Net Neutrality: TRAI says ‘shrill voices’ won’t win debate

NEW DELHI, Apr 19:  As the uproar continues in favour of Net Neutrality, telecom watchdog TRAI Chairman Rahul Khullar today said “shrill voices” will not win the debate and the concept is not “practiced strictly” even in countries like the US and the UK.
The principle of Net Neutrality calls for equal treatment to be accorded to all Internet traffic, without discrimination or priority for any person, entity or company.
While Telecom Regulatory Authority of India (TRAI) has floated a discussion paper on this topic, a raging debate has broken out in the country following the launch of platforms like Airtel Zero and internet.Org.
“There has to be democratic debate. It’s a debate that is waiting to happen. Shrill voices do not win debate. Cool headed reasoned arguments on both sides are need of the hour,” Khullar told PTI in an interview.
“There are different practices in different jurisdictions. UK and parts of Europe do not practice strict net-neutrality. Even in US zero rating plans are permissible,” he said, while replying to a question on whether India was in a position to align with the global net-neutrality principles.
In response to its paper, for which public comments have been sought till April 24, TRAI has already been flooded with over 8 lakh petitions against any attempt to throttle ‘net neutrality’ concept.
“Both sides have their argument. We have consultation process running. Let everybody’s comment come in place, then we will decide further course of action,” Khullar said.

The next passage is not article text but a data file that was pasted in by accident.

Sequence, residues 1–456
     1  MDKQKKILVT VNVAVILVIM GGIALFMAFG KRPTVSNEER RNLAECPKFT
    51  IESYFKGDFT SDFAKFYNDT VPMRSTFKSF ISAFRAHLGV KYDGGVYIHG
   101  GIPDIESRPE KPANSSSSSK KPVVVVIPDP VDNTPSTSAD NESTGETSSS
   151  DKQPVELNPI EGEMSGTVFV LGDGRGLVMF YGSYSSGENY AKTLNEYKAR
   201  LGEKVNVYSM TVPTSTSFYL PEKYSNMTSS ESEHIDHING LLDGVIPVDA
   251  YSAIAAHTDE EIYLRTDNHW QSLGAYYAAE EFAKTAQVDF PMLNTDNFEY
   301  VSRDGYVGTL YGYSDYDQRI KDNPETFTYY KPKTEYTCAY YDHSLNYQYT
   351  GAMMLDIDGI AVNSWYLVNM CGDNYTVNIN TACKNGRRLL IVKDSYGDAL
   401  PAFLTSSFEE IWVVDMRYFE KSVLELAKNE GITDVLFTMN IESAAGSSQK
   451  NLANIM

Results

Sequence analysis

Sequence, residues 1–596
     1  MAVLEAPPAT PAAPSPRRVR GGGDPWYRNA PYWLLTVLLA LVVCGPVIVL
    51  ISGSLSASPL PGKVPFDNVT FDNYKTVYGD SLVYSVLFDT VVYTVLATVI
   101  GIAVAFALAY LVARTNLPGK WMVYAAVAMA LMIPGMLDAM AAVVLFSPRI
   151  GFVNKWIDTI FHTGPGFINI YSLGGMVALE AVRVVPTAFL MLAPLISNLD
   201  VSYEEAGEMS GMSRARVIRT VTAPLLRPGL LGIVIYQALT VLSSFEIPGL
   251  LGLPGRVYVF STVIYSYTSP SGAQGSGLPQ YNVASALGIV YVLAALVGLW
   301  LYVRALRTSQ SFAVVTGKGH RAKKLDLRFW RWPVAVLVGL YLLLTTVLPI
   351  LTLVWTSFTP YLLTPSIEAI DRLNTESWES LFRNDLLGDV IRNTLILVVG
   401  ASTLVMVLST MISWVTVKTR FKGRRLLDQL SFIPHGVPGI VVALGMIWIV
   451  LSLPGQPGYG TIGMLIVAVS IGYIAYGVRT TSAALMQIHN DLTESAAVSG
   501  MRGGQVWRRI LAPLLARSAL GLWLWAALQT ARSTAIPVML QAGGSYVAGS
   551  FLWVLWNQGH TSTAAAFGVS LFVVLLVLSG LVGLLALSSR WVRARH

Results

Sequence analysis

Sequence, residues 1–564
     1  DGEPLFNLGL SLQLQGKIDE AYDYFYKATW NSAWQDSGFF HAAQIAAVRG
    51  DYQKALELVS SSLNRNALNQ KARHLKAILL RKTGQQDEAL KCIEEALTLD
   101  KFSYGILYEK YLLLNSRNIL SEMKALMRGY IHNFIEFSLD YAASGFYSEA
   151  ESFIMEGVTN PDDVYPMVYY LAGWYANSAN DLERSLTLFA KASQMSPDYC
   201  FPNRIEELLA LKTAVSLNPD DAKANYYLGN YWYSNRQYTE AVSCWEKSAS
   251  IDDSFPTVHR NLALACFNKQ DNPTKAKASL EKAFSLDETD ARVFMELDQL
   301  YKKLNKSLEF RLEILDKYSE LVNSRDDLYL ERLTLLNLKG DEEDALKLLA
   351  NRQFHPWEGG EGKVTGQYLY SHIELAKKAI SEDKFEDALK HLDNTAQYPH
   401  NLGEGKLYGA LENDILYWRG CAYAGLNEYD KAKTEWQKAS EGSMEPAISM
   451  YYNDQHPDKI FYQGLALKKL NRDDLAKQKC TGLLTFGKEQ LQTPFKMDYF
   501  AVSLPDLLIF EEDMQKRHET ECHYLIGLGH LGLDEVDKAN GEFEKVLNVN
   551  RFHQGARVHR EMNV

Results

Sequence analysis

The debate had begun after telecom major Airtel decided to charge separately for Internet-based phone calls in December, which it had to later withdraw.
Earlier this month, the company launched ‘Airtel Zero’ platform, which flared up the entire debate on Net Neutrality, also engulfing Facebook’s internet.Org initiative that has Reliance Communications as a partner in India.
Both Facebook and Airtel claim that their platforms do not violate the Net Neutrality principle and they are actually aimed at expanding Internet access in India.
While these platforms claim to allow users to access a variety of mobile and Internet applications for free, the critics allege that these services restrict the ‘free’ access to a select group of websites and apps and therefore sabotage the entire concept of keeping the Internet free.
Telecom Minister Ravi Shankar Prasad recently said that the Government is committed to maintaining “non- discriminatory” access for all to the Internet.
A few other operators including Aircel, Tata Teleservices and Uninor have also tied up with players like Facebook, WhatsApp and Wikipedia to offer free usage to consumers.
The net-neutrality debate has even been joined by film stars, politicians and corporate leaders, while companies like Airtel and Facebook are also reaching out to their users including through social media to defend their case.
Telecom companies have argued that like them Internet based messaging and calling applications should also be brought under the regulatory regime as they compete with operators’ main services — phone calls and SMS.
Telecom operators have argued that Over-The-Top service providers like WhatsApp and Skype are eating into their revenues without making investment in networks which is key to providing connectivity to masses.
In its consultation paper, TRAI has proposed to frame rules on regulation for OTT services.
While Trai has invited public comments till April 24, the counter comments can be made till May 8.
The regulator is also likely to conduct an ‘open house’ discussion with public as part of the consultation process before making its final recommendations to the Government. (PTI)


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